Chromosomal disorders refer to an excess or deficiency of a whole chromosome or chromosome segments. When there are an abnormal number of whole chromosomes, it is called aneuploidy. When a piece of one chromosome breaks off and reattaches to another chromosome this is a structural chromosome rearrangement and is called a translocation.
Chromosomal problems are common, affecting about 0.7 percent of live born infants and account for most early miscarriages. Down syndrome is usually associated with advanced maternal age and is a common example of aneuploidy. Down syndrome is caused by having an extra number 21 chromosome (three instead of two). It is also referred to as Trisomy 21. Age-related aneuploidy such as Down’s Syndrome is caused by errors in chromosomal separation during meiosis at the point of fertilization. Down Syndrome, also known as Trisomy 21 (an individual with Down Syndrome has three copies of chromosome 21, rather than two). Turner Syndrome is an example of monosomy, where a female is born with only one sex chromosome, an X.
The Science Behind Genetic DisordersGenetic defects occur when there are errors during meiosis or mitosis. Errors happen when the DNA is not copied accurately or when the chromosomes are not divided equally.
- Human cells contain 23 pairs or 46 chromosomes. These include chromosomes 1 to 22 (autosomes) and chromosomes X and Y (the sex chromosomes). Sperm and eggs undergo a process called meiosis in which the original 46 chromosomes are reduced to a new set of 23 single chromosomes (one from each chromosome pair).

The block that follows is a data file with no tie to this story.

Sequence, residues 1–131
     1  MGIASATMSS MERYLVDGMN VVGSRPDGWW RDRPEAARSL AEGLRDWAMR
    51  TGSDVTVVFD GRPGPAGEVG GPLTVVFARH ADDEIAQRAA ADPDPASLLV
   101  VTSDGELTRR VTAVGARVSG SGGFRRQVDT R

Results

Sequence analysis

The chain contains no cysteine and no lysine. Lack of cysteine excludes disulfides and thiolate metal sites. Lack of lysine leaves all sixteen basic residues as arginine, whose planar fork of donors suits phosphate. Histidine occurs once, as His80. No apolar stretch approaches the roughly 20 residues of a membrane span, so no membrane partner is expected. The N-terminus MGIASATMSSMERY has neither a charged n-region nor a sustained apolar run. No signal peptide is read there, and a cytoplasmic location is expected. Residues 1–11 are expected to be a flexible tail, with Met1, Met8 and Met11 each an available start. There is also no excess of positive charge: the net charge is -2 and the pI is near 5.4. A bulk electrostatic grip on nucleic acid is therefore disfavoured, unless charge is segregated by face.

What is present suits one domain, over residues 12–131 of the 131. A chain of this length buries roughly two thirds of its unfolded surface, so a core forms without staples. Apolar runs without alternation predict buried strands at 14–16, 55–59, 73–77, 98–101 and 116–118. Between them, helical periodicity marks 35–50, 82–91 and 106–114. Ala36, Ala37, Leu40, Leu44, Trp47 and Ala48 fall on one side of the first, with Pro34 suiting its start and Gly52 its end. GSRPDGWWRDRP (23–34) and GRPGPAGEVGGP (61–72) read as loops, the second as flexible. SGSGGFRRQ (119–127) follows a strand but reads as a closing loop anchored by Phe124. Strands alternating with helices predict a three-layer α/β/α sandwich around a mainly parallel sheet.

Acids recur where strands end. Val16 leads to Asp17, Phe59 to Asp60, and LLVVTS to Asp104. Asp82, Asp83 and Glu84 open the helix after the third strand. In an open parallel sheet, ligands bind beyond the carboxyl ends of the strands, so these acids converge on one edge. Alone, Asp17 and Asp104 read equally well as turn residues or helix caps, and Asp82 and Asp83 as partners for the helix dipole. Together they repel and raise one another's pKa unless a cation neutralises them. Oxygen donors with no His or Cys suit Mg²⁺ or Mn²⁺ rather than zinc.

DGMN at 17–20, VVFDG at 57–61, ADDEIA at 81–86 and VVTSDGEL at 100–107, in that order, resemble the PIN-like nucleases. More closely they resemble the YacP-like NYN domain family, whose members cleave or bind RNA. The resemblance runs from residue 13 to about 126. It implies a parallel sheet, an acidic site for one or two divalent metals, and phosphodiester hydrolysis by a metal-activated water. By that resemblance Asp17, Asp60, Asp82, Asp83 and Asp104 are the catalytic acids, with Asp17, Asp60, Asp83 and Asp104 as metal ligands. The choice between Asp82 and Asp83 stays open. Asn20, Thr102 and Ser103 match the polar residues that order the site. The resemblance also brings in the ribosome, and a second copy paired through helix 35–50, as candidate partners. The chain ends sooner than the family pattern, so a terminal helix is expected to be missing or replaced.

- In the first step in meiosis the DNA is copied. This is followed by two sets of divisions that result in a cell that has 23 pairs of chromosomes. During this process there is a recombination of genes, which ensures that each sperm and egg contains a unique set of genes. When the egg and sperm fertilize, the embryo receives one chromosome of each pair from each parent resulting in a normal male (46, XY) or a normal female (46, XX).
- Meiosis in the sperm occurs throughout the man’s adult life. Meiosis in the egg begins in fetal life, but completes the final separation step just before and after fertilization. This waiting period may make the egg more vulnerable to age-related errors in meiosis. In the sperm, meiosis results in four sperm cells from each precursor cell, but in the egg, one egg extrudes the extra 23 chromosomes just outside the membrane of the egg, called the polar body, and only one egg is available for fertilization from the original cell.
- Mitosis is ordinary cell division. A cell with 46 chromosomes duplicates its chromosomes, and then divides. The cell division to create two new daughter cells.
Single Gene Disorders
- Single gene disorders are caused by changes (or mutations) in the DNA sequence of a gene. The mutated gene can be present on only one chromosome or on both chromosomes of a pair. Single gene disorders usually show a characteristic family history of a specific genetic disease and affect about 2 percent of the population. Genes are responsible for producing proteins that allow cells to work properly. Gene mutations alter the cell’s normal function due to a lack of a required protein. For example, the cystic fibrosis (CF) mutation affects a protein within the cell that reduces the cell’s ability to function properly. This results in a buildup of mucous within the lungs, the lungs cannot take in oxygen adequately and this can result in severe disability and death.